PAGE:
Palatine approves plan for more outdoor dining starting in March

  • The Palatine village council approved a plan Monday that would allow outdoor dining on public sidewalks beginning March 1 and on April 1 for certain downtown streets. This photo from 2015 shows patrons dining outside JL's Pizza and Sports bar in Palatine.

    The Palatine village council approved a plan Monday that would allow outdoor dining on public sidewalks beginning March 1 and on April 1 for certain downtown streets. This photo from 2015 shows patrons dining outside JL's Pizza and Sports bar in Palatine. Mark Welsh | Staff Photographer, 2015

 
 
Updated 2/10/2021 5:41 AM

After receiving early inquiries from restaurants and bars that want to set up outdoor dining when the weather gets better, the Palatine village council approved a plan Monday to allow it.

Outdoor dining on public sidewalks will be permitted starting March 1, if eateries take on the responsibility of sidewalk snow removal.

 

Outdoor dining in certain downtown streets -- taking up parking spots up to a certain limit -- will be allowed starting April 1, although that can be moved up if the weather gets warmer sooner.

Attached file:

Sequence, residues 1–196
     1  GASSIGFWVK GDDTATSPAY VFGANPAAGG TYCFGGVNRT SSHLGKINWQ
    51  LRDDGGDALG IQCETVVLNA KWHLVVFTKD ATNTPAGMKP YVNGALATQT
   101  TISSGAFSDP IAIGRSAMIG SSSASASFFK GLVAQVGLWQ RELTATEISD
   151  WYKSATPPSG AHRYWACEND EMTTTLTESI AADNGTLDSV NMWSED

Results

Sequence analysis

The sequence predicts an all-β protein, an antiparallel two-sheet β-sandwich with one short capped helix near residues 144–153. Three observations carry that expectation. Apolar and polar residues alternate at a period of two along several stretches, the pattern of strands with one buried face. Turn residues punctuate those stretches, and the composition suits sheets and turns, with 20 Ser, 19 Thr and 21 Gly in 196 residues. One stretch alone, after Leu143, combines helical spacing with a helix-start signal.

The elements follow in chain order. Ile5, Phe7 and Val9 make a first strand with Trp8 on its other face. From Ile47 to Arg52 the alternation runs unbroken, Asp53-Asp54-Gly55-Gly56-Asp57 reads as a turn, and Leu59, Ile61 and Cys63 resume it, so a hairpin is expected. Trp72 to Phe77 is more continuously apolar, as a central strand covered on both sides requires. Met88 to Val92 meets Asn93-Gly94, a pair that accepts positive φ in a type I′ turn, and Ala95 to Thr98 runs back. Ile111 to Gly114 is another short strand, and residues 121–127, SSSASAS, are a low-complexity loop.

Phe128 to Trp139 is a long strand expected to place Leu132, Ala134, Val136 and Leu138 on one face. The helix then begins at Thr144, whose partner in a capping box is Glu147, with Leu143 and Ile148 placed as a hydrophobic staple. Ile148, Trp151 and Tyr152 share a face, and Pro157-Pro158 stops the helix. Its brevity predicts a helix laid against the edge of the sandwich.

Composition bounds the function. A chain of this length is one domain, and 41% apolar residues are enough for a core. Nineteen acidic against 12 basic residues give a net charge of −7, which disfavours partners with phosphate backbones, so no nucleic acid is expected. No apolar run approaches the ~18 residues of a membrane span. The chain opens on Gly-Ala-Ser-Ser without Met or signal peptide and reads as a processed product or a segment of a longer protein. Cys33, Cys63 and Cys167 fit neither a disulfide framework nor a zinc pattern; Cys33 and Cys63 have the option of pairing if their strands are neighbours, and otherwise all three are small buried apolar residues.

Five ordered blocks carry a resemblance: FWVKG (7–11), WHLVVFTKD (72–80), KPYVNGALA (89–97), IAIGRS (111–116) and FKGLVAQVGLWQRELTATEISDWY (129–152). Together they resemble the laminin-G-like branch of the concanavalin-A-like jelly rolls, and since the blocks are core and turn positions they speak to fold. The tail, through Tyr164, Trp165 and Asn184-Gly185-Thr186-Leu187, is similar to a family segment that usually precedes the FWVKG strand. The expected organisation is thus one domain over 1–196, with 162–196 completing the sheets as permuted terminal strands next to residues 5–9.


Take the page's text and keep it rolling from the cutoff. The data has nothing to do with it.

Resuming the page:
Councilman Brad Helms, whose district includes downtown, proposed allowing establishments to set up outdoor dining in streets, such as with tents and heaters, in March, no matter the weather.

"Our establishments have difficulty every year, outside of the pandemic, coming out of winter, and they look forward to March Madness," Helms said. "They will still be under restrictions (due to COVID-19), so they won't have the capacity they would (normally)."

The issue would be snow removal, Village Manager Reid Ottesen said. The village would require the installation of concrete barriers to protect street diners from cars that might slip and slide in the snow, which means that on certain streets, the access will become too narrow for village snowplows, he said.

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Hiring a private contractor to do that would cost up to $1,200 for a heavy snowfall, Ottesen said. He's reluctant to take on additional expenses after cutting costs and personnel due to the financial effects of COVID-19, he said.

Mayor Jim Schwantz suggested that in such cases where access is restricted, the village could requiring the establishments to hire private snow removal if they set up outside earlier in March. Ottesen said he would be OK with that.

"I think that's fair. We put it back in their court," Helms agreed, with the assent of fellow council members.

Hours of operation for outdoor dining would be 7 a.m. to 11 p.m. Monday to Thursday and 7 a.m. to 1 a.m. Friday and Saturday. Music could only be acoustic or prerecorded, and it must end at 9 p.m. Monday to Thursday and 11 p.m. Friday and Saturday.

Last year's outdoor dining program was successful, Ottesen said. The only complaints were about loud music at one establishment, and they were deemed unfounded, he said.

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